Whenever discrete poetic ‘texts‘ –etymologically  something woven– are organized by  their author (or coauthors) into a collection, they form what I shall call a ‘contexture,’ a larger whole fabricated from integral parts. In other words, Frost’s ‘poem’ that is the ‘book itself’ is the contexture of the twenty-five poems it contains (Fraistat 1985, 4).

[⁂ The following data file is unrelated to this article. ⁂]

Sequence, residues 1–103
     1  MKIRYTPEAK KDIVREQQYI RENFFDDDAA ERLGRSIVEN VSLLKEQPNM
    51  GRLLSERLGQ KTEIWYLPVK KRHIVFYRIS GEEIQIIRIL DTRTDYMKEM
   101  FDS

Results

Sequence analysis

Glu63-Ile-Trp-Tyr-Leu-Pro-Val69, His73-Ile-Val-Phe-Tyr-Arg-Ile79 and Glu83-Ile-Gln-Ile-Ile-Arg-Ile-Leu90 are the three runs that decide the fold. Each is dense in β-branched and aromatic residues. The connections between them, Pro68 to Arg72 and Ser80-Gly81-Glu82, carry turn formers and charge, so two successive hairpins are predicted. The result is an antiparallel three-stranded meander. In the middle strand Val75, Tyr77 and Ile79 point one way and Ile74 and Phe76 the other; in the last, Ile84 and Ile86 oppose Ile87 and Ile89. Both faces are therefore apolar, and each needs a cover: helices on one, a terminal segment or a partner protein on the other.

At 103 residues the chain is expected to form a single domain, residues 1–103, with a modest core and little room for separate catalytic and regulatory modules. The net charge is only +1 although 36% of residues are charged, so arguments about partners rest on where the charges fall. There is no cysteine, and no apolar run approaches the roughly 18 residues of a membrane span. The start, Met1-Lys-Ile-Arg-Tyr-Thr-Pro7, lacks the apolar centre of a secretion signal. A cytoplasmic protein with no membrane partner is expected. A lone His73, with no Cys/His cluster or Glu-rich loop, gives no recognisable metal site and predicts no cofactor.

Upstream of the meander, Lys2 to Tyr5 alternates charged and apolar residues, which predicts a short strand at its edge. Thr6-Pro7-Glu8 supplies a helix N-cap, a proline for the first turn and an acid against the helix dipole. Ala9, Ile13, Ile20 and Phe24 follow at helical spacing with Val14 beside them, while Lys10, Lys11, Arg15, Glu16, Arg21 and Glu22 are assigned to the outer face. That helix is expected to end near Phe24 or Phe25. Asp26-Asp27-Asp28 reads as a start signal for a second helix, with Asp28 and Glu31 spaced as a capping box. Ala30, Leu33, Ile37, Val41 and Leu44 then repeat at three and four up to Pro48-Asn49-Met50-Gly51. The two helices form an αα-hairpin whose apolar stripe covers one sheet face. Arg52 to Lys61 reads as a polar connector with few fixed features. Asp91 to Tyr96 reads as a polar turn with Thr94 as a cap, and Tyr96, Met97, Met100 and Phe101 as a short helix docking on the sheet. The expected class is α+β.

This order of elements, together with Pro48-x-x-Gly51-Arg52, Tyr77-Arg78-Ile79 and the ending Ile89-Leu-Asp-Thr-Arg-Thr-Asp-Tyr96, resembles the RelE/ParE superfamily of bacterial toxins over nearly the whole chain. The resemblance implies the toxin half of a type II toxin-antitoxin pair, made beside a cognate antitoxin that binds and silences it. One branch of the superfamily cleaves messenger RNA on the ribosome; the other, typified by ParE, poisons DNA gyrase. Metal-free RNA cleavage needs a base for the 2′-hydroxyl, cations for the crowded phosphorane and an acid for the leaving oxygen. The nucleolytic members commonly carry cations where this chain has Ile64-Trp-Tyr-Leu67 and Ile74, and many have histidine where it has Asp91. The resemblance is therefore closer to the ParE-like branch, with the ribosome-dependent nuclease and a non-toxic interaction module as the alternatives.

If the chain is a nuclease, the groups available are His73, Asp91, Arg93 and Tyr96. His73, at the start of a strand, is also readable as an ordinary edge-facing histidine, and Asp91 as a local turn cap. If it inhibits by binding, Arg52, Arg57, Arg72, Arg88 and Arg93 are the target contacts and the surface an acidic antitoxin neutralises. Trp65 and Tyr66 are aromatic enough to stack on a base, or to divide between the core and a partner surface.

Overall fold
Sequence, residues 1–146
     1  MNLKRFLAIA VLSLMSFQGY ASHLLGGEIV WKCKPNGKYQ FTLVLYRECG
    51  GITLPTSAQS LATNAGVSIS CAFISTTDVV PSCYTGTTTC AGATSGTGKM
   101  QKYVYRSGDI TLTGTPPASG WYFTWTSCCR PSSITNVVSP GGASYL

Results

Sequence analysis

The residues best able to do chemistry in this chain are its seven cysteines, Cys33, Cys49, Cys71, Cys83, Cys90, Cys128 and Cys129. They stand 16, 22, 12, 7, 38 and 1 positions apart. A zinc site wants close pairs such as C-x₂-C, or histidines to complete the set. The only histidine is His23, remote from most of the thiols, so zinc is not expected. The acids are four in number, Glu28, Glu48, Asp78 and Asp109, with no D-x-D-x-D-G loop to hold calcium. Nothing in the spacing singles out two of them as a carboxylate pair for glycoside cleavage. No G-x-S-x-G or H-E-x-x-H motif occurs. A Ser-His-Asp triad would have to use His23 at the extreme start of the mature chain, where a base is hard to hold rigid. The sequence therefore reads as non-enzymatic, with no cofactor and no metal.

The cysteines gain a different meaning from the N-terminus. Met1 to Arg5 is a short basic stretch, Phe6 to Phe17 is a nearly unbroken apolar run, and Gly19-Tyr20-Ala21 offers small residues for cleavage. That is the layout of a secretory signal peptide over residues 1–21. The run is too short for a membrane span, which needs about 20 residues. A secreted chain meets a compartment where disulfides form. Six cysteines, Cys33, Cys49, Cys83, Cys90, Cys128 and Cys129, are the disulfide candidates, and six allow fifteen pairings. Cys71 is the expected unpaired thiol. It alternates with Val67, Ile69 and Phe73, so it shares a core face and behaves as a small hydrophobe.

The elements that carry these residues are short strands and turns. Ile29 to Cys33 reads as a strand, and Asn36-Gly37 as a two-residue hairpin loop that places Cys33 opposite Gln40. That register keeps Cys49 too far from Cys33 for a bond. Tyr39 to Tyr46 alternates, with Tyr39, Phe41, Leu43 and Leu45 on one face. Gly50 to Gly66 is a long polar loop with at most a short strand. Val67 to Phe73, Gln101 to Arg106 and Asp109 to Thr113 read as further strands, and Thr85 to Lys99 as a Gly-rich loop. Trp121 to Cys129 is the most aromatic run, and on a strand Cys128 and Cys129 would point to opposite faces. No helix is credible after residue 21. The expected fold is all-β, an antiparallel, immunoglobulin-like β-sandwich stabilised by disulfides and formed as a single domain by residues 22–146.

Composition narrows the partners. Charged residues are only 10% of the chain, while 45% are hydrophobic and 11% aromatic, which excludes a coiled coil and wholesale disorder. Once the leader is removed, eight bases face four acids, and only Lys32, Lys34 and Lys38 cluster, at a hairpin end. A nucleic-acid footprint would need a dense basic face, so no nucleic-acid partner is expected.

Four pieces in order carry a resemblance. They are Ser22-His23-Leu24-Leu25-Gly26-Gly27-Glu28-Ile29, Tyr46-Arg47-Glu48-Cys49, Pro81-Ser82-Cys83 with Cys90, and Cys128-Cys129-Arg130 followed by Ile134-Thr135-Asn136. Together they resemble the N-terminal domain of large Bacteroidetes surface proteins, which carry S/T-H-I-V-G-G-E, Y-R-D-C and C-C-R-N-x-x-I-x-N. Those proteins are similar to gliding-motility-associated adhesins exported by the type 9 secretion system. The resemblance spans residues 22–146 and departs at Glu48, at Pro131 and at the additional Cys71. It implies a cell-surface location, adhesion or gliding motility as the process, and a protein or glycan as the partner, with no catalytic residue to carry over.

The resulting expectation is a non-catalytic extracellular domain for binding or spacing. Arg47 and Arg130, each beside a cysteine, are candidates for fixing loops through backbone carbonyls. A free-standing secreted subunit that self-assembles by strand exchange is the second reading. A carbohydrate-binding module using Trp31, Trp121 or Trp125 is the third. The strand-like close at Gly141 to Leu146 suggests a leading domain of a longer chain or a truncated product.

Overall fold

Perhaps no single word adequately conveys the special qualities of the poetic collection as an organized book: the contextuality provided for each poem by the larger frame within which it is placed, the intertextuality among poems so placed, and the resultant texture of resonance and meanings. I have recently proposed, however, that the word ‘contexture’ be used for such a purpose because of its utility in suggesting all three of these qualities without being restricted to any one (Fraistat 1986, 3).

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